Contact: Michael Fraser, (518) 455-3751 (office); (518) 859-8518 (cell)
"As we end the 2016 legislative session, we leave Albany in the same condition as when we began - functionally broken. Despite early promises for reform, lawmakers turned a blind eye to public demand and urgent need for meaningful change.
It has been a disappointing year on several fronts. Albany's uninspiring new ethics 'reforms' will not address the core issues of Albany corruption and were inexplicably delivered in the dark of night without public review. Special interests fueled an economic policy agenda that will eviscerate job-creating businesses. The most important spending decisions and public policies are developed in secret. Too few in the Capitol control too much power.
Instead of learning from past mistakes, Albany operates as if we can get ahead by standing still. New Yorkers deserve better. Fortunately, some measures the Assembly Minority members have fought for and supported for years became a reality for New Yorkers in 2016. They include:
- Heroin and Opioid Legislation - The Assembly Minority held forums in every region of the state, listening to countless heartbreaking stories of addiction and tragedy. I am extremely proud of the time and energy our members invested on this crucial issue. While the fight against heroin and opioid abuse and addiction is far from over, the legislative package represents a solid first step to combat this terrifying epidemic.
- Mixed Martial Arts (MMA) - After years of calling for a vote, a bill to legalize MMA finally reached the Assembly floor and passed with widespread support. New York, the last state to authorize professional MMA, has finally caught up to the rest of the nation.
- Breast Cancer Screenings - This legislation encourages early detection of breast cancer by increasing access to, and the availability of, breast cancer screenings. The bill extends hours for screening at 210 hospital-based mammography facilities across the state and eliminates insurance hurdles for mammograms and other screening and diagnostic imaging procedures to detect breast cancer.
- Veterans' Buyback Bill - The governor vetoed the bill the last two years, but with intense pressure to honor those who fought to protect our freedoms, legislation to grant up to three years of service credit to all veterans in the state retirement system who were honorably discharged passed both houses and was signed by the governor.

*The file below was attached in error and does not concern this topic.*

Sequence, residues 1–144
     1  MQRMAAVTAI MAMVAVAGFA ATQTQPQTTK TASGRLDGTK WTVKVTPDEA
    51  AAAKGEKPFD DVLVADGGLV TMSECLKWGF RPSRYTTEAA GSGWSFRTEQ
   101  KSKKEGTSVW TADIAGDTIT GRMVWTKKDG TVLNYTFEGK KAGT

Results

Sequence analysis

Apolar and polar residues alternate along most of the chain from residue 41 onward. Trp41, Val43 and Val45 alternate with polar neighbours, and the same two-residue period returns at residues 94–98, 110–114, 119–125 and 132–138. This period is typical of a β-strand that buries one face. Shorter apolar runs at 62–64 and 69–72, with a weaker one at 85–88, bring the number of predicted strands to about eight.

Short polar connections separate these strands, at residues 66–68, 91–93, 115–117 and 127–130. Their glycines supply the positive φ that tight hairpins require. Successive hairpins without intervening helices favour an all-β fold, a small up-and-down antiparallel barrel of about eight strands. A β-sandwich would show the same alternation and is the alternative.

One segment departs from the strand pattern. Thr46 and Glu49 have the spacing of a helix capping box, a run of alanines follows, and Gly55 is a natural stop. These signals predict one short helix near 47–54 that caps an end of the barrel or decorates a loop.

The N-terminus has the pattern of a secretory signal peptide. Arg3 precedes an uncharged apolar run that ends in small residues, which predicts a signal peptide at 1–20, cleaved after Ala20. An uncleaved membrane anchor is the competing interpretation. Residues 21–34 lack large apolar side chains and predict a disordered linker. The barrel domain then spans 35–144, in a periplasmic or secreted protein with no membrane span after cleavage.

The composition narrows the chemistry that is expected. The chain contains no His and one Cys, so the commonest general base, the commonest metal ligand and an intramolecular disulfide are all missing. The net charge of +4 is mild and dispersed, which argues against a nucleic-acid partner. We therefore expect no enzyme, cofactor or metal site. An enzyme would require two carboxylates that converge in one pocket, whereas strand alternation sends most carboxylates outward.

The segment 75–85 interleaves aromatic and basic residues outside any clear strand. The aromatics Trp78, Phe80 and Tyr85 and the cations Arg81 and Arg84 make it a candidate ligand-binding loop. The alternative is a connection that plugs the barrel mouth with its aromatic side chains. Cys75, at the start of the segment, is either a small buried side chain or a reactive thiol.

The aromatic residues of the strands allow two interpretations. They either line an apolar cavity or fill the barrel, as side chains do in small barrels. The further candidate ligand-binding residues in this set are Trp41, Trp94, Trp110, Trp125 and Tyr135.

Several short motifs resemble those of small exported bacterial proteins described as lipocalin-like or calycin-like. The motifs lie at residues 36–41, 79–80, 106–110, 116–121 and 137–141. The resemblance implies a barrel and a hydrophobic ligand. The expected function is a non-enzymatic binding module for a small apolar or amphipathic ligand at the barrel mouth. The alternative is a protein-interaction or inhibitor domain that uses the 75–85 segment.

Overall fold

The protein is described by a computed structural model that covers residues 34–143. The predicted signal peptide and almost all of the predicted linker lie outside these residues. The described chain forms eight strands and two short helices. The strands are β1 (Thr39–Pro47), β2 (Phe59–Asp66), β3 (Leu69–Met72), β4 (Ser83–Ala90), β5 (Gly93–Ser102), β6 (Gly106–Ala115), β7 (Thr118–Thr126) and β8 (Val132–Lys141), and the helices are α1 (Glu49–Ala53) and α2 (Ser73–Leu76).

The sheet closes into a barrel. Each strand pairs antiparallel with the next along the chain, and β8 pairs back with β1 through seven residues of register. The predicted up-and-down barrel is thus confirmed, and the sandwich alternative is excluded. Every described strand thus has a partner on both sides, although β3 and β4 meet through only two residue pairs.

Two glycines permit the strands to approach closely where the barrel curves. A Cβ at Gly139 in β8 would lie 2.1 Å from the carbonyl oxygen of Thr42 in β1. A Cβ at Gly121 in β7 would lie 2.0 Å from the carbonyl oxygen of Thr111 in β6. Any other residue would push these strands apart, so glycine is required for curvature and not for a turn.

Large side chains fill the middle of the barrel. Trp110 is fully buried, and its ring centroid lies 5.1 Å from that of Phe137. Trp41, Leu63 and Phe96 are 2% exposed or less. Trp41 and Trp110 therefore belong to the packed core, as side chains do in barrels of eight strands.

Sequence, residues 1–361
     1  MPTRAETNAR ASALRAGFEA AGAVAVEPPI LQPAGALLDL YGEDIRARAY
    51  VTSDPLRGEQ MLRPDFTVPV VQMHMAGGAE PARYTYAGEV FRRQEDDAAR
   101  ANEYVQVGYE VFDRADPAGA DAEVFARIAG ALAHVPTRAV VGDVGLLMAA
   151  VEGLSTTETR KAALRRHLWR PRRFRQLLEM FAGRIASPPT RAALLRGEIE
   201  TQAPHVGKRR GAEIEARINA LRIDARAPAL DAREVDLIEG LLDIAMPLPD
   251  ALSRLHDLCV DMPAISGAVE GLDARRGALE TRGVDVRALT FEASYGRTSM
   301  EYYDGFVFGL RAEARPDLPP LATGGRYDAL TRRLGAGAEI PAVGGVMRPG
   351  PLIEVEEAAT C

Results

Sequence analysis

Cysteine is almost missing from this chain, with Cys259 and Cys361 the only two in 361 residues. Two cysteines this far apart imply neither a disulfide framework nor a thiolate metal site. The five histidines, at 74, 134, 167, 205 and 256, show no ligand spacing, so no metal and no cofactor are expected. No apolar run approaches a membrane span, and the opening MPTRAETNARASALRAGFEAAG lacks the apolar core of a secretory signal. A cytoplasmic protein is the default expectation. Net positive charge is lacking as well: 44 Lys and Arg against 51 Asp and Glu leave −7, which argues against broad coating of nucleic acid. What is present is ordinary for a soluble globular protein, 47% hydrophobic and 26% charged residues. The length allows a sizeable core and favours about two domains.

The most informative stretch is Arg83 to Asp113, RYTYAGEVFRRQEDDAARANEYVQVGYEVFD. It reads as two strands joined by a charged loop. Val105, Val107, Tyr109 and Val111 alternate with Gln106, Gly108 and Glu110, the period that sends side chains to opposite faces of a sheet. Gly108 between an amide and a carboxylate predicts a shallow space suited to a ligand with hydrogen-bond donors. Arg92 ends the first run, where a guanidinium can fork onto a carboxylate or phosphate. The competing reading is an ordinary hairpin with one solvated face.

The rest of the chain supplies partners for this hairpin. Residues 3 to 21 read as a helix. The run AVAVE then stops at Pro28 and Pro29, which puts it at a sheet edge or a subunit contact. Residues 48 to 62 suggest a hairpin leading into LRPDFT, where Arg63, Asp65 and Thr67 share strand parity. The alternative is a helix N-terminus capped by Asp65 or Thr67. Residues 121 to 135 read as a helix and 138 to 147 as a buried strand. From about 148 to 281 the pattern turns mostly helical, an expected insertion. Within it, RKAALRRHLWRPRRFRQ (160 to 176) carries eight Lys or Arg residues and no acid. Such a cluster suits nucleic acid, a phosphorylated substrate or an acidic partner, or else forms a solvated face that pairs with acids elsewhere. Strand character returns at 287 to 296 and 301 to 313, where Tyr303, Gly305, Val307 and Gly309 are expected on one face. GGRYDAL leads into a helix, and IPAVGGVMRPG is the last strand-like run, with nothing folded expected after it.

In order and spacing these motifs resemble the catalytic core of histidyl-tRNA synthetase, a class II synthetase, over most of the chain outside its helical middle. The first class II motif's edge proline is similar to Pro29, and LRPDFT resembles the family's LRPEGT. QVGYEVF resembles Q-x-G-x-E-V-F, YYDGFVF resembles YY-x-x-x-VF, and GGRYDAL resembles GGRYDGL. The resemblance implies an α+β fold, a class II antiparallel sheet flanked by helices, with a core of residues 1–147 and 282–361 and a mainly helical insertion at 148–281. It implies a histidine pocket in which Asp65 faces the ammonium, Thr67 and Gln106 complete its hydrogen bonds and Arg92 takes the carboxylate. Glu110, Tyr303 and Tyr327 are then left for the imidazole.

Despite these positive steps, we close the 2016 legislative session without important reforms that would improve the quality of life for our constituents and protect our communities. Sadly, the governor and Majority Conferences are far better at passing frivolous bills and making empty promises than solving problems. Some key items that went unaddressed were:
- Real Ethics Reform - Yet again, Albany failed to scratch the surface of substantial ethics reform. Six months of rhetoric provided no results, and New Yorkers are still waiting for a pension forfeiture bill that includes all convicted felons who abused their taxpayer-funded positions; term limits for legislative leaders and committee chairs; greater oversight of the state's economic development programs and discretionary spending; replacing the Joint Commission on Public Ethics (JCOPE) with an ethics watchdog not controlled by political appointees; and an open and transparent budget process that welcomes input from all.
- Help for Small Businesses - 2016 has been the perfect storm for businesses already operating in the nation's worst economic environment. After passing the job-killing $15/hour minimum wage and paid family leave mandates, the governor and legislative leaders empaneled a toothless Business Regulation Council to help improve the state's toxic business environment. The council's disappointing recommendations were released in early June and no action has been taken on any of its suggestions. New York, ranked the nation's worst business climate, somehow became even more undesirable this year.
- Brittany's Law - New York City has a registry of individuals who have abused animals. But New York State has yet to create a registry of violent felons who have abused women and children. Brittany's Law would save lives, prevent crimes, and make communities safer. Despite passing the Senate for the seventh time with overwhelming bipartisan support, the Assembly Majority continue to block the bill from moving to the floor.
- START-UP NY Report - Empire State Development Corporation has a legal obligation to provide an update by April 1 on the progress of the governor's START-UP NY program - his signature economic development program - and millions of taxpayer dollars have been spent promoting it. The report is more than two months late, in what represents a continued pattern of publicly-funded programs being shrouded in secrecy by this administration.
- Making College More Affordable - The Assembly Minority proposed a number of measures to help students and families handle the skyrocketing cost of college. More New York students should be eligible for tuition assistance, and the level of aid available needs to be increased. Unfortunately those measures were blocked, as Assembly Majority members continued to support taxpayer-funded college tuition for illegal immigrants and inmates.
Make no mistake, the end of the 2016 session does not mean the Assembly Minority is giving up and walking away. The missed opportunities on these critical measures will become the cornerstone priorities moving forward."